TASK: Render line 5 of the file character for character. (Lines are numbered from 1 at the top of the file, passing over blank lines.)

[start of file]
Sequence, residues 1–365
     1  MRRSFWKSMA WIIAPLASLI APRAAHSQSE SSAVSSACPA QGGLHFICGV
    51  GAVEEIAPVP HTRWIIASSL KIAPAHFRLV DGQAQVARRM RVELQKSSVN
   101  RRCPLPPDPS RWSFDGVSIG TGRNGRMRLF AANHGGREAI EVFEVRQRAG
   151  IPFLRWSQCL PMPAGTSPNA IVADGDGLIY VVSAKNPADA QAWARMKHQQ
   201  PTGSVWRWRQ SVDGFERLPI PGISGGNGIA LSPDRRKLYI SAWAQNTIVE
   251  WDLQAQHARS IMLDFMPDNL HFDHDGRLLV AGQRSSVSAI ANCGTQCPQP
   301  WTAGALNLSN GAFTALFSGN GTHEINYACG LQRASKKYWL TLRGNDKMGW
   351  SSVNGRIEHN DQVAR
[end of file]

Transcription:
   151  IPFLRWSQCL PMPAGTSPNA IVADGDGLIY VVSAKNPADA QAWARMKHQQ